I didn't want a cat. What I wanted, if anything, was a kitten. No therapy like kitty therapy, I said. They are constant laughs. In reality, however, what I wanted was Hobo and that wasn't going to happen. His spirit lingered, but his chin nips and lifeforce were long gone. I was left with eleven years of travel memories with him and Teak, my Lab. The next feline would not be an orange tabby cat ... Hobo would be an impossible act to follow. Furthermore, if a feline was going to come through my door it would be with his blessing.
A Bengal, perhaps? A dozen years later, I still missed Pooka, my little leopard cat. I was shocked to discover that prices for Bengals were over $2000. That wasn't going to happen. A calico? I'd always loved their chaotic, stunning markings, but they were rare. The XX chromosome wasn't common. 99.9% of calicos were females and I was ready for that, having gone through Hobo's urinary tract problems, common in males. I began to check out rescue centers within 100 miles. No calicos. That's okay, I figured. A kitten will come along when it's right.
Winter solstice behind me, the new year closed in. Cold winter temps held off and Southern Arizona was blessed with warm days and calm, cool nights. Several faraway friends texted to say they would pass through around new years. I decided to have a new year's eve fire. Friends arrived and filled my rv spots, my daughter Hope arrived from Tucson with Norma, a friend and fellow teacher. It was Norma's first visit to the land.
It was a fun evening with a small circle of friends. The fire blazed as we toasted the New Year on the hour, beginning at 6 o'clock. Around 8 p.m. I sat next to Norma, my first opportunity to talk one-on-one. I was fascinated to learn that in addition to teaching and raising her son Miguel, who I had met, she also fostered special needs cats for Pima County. I was uber impressed. She mentioned that she recently approached them to take on another. None had appeared but they did have a healthy new arrival and asked if she be interested. The cat was a tiny thing, not quite six pounds, surrendered for "changing family circumstances." (New boyfriend? Housing change?) Norma looked at me as the fire cast its warmth. She said the cat was a Calico.
A Calico! And she was adoptable. Norma had already fielded inquiries for the one-year-old. My mind spun. She wasn't a kitten but Norma said she acted like one. Norma showed me a photo and said the adoptee status wouldn't last long. Two days later I traveled to Norma's home in Tucson to meet calico. She was beautiful and smart and affectionate. I hung out with her for an hour and told Norma I would take her. I drove to the Pima Co animal facility and adopted her. She was scheduled to be spayed in two days and I was scheduled to travel to NM. I would pick her up on my return, in a week.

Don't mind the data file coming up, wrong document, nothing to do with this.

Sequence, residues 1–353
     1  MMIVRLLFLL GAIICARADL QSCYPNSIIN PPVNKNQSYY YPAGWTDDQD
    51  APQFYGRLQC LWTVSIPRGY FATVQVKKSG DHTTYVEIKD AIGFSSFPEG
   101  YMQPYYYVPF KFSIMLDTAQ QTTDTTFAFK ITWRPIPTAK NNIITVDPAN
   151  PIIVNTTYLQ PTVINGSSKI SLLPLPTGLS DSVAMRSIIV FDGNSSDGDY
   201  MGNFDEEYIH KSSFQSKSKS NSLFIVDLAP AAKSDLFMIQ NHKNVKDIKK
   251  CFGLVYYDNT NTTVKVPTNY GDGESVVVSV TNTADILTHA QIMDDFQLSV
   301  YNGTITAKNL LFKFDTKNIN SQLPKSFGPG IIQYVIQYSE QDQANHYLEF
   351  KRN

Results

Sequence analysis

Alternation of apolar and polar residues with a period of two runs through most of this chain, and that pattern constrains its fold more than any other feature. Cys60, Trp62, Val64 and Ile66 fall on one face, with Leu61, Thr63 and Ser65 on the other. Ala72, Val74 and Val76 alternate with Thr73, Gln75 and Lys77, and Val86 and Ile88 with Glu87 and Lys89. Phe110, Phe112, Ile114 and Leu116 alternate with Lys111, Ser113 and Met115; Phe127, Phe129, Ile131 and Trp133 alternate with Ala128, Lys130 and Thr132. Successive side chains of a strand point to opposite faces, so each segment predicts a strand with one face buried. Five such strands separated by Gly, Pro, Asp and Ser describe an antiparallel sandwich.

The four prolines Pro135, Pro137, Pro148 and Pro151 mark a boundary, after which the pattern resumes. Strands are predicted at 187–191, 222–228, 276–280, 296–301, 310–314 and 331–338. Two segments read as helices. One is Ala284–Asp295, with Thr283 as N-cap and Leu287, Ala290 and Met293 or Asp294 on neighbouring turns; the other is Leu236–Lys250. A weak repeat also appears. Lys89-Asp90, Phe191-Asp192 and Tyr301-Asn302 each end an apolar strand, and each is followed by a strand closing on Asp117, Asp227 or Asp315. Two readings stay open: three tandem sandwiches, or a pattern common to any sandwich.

Synchronicity. What were the chances of that conversation with Norma? That she would even turn up on my land for the first time? That the cat had just shown up and Norma took her even though she was not special needs, when she already cared for two cats? As if I needed more validation, I hit green lights between Norma's southwest home and the Tucson northside adoption office.
What I remember about that day was how the animal shelter parking lot was crammed full. The inside was packed with people. The limited staff were working their behinds off. I was impressed with the effort and care of everyone I met. When I asked what the fee would be I was told it was free adoption week. I filled out the form and the calico was removed from the available list. Thankfully, she had passed from her owner to Norma and skipped being held in a cage.
I'll never know the story of why she was surrendered. She was obviously loved and cared for. She was quiet and calm on the 90 minute drive home. She exited the travel crate with ease and confidence. She and Dulce dog were comfortable at first sight, although yes, Dulce's curiosity contained a hefty dollop of jealousy.
She is a stunning lil cat, her black and gold markings smattered across her white body like an early map of islands, a jazz tune set to paper. I have named her Kalliope, for the ninth and eldest Greek Muse of eloquence, writing and epic poetry, depicted as a bold woman in flowing robes holding a writing tablet in one hand, a lyre in the other. Her name translates to "beautiful voice." I love how speaking her name captures the feel of a playful, spotted excursion across her shorthaired pelt.
So here we are. I'm intrigued by her tiny nose and large ears, minute padded feet with claws I have yet to experience or the voice she uses sparingly. She has been a contented indoor cat all her life. I would not entertain a shift until she bonds with Dulce, who would protect her once outdoors, just as Hobo cued off his dog companions. I'm content to see how it unfolds, well aware of bird predation. Hobo, thankfully, preferred mice.
It is not quite a week since her silent journey home. Kalliope and I are getting to know one another. She is part ghost, part Meerkat. She leaps across the bed as tho she has wings. Her purr is hearty. She commands her environs. She loves to open cupboards and explore yet she has not touched the solstice tree with hanging decorations. She tosses and rolls the catnip toy and faithfully uses the cardboard claw scratcher. She barely sheds from her short, calico coat. She is a cuddler and a tunneler. A statuesque goddess cat, worthy of Cleopatra's smile.
I've yet to inform her of the inspirational responsibility that comes with her name, as her golden-green eyes pierce my soul. I have a keen sense that she already knows ... that she'll strike a perfect balance between a-mews-ing and a-muse.
Thank you, Hobo.